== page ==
BANGOR, Maine — Maine’s aging baby boomers are going to be “a real handful” to house in coming years, according to Lenard Kaye, director of the University of Maine Center on Aging. In his speech at the Maine Affordable Housing Conference in Bangor on Tuesday, Kaye, who will turn 65 in a few days, said the generation born between 1946 and 1964 is entering retirement age, and housing planners and developers should anticipate a wave of assertive, self-advocating boomers like him.

Maine’s population of people 65 and older accounts for 18 percent of the total state population, compared to the 14 percent national average, and the state is on track to have the largest per capita population of baby boomers of all the states by 2020, according to statistics Kaye cited in his speech. Already, he said, an average of 50 Mainers turn 65 every day.

“The longevity revolution is upon us,” he said.

Not only are the boomers living longer and more active lives than previous generations, Kaye noted, they are also more outspoken, more determined to maintain control over where and how they age, more interested in staying engaged in civic and social activities, and more likely to stay in the workforce and to pursue activities such as travel and continuing education long into their golden years.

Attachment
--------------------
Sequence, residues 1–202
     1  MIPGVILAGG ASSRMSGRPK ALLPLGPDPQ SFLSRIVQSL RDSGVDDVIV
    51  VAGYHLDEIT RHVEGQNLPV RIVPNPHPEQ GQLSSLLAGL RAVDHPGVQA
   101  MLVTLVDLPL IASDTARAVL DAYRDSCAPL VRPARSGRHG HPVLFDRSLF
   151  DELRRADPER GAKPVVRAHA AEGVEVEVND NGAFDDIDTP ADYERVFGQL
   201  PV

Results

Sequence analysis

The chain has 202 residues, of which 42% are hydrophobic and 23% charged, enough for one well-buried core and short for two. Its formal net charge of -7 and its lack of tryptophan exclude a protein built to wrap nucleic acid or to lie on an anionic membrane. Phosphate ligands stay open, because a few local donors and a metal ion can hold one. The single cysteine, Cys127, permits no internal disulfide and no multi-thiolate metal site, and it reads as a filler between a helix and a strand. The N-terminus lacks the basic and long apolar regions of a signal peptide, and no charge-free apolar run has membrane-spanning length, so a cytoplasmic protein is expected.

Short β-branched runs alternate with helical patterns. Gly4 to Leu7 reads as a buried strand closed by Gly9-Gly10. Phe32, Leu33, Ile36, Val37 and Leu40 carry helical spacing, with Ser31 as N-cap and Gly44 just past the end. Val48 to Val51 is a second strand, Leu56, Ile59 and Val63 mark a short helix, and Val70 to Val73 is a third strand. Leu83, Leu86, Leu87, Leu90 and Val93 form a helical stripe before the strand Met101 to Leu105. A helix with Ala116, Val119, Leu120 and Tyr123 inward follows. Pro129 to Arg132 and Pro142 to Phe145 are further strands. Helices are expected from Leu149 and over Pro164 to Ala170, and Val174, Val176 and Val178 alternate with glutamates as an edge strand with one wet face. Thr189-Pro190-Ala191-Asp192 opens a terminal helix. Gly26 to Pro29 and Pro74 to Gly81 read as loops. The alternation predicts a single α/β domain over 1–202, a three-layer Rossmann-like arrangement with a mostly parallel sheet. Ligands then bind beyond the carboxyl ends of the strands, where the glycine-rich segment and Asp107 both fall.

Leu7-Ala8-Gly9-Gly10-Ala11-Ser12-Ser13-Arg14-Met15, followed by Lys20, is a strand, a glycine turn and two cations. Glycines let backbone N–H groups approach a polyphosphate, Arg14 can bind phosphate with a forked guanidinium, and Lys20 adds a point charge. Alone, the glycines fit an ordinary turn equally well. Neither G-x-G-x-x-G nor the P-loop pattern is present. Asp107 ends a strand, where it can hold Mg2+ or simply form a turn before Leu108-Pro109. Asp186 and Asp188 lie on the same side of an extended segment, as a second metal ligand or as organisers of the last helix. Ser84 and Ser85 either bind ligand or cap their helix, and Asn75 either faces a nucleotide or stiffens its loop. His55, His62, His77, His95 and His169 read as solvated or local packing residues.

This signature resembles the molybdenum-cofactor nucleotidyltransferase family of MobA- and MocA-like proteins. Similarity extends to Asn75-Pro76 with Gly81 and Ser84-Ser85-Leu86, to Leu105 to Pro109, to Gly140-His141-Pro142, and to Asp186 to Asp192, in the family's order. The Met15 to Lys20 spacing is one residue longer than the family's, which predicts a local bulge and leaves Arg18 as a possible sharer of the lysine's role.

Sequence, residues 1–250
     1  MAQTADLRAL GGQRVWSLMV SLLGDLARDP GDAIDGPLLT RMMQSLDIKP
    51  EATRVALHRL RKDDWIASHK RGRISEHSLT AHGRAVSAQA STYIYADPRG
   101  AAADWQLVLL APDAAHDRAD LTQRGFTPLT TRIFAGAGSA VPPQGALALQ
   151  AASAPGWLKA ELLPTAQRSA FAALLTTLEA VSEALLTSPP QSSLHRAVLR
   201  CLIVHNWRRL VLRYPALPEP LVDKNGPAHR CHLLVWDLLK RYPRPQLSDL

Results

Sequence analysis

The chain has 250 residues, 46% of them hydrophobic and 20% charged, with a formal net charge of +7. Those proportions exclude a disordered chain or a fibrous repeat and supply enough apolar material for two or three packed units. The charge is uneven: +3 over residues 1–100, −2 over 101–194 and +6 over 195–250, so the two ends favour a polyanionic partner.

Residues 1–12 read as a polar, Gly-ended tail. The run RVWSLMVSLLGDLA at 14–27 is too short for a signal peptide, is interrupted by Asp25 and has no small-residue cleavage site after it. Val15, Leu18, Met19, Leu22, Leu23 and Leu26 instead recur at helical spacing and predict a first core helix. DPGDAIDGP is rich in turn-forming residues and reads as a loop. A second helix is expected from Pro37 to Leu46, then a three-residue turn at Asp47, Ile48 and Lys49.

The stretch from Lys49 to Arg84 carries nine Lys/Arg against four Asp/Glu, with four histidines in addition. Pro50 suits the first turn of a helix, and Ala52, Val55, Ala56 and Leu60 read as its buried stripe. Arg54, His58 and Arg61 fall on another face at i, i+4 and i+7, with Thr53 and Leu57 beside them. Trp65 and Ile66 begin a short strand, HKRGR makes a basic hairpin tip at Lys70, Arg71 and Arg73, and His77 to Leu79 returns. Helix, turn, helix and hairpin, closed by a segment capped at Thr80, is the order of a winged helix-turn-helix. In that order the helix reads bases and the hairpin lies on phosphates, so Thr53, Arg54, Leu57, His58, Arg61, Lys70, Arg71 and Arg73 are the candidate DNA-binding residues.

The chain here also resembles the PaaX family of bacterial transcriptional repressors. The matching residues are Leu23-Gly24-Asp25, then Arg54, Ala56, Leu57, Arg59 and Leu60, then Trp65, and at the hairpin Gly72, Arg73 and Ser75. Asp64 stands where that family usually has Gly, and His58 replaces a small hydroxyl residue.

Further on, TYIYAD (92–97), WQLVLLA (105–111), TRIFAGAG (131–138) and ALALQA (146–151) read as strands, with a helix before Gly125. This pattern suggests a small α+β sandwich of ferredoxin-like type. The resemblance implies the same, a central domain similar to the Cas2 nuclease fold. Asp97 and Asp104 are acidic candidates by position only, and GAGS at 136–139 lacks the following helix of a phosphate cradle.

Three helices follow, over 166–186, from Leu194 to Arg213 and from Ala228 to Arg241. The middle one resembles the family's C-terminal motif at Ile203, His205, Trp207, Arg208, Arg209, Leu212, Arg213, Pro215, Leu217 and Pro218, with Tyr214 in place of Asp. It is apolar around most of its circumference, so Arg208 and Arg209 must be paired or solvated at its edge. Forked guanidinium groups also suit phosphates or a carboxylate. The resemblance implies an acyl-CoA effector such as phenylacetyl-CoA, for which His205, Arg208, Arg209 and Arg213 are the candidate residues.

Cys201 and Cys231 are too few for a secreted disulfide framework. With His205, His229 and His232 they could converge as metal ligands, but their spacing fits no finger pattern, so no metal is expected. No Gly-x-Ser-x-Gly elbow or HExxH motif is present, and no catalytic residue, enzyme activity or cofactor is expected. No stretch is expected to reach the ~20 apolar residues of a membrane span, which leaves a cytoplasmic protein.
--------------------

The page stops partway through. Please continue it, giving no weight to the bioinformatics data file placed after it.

These realities mean that professionals charged with planning private and tax-subsidized senior housing communities, care facilities and home-based support programs should expect this generation to demand options such as fitness centers, outdoor activities and educational opportunities in their living arrangements. Issues like transportation, access to technology and “walkability” will be important as well, he said.

In addition to Kaye’s lunchtime address, the morning keynote speaker was country music singer-songwriter Jimmy Wayne, who delivered a moving description of his own experience growing up in foster care.

Wayne advocated expanding foster care to age 21 to combat homelessness as children age out of the system at age 18. He also described his experiences, saying he moved frequently from home to home and eventually ran away at the age of 16, becoming homeless.

The full-day conference, organized by the Maine State Housing Authority and held at Bangor’s Cross Insurance Center, attracted hundreds of housing and service providers, planners, builders, designers, lenders and others from across the state. Workshop topics included homeless youth, opportunities for the building trades, multi-family real estate management, public policy and demographic trends in homelessness and housing insecurity.

More information about the conference, including slide presentations and other materials, is available at the MSHA website:

Meg Haskell is a curious second-career journalist with two grown sons, a background in health care and a penchant for new experiences. She lives in Stockton Springs. Email her at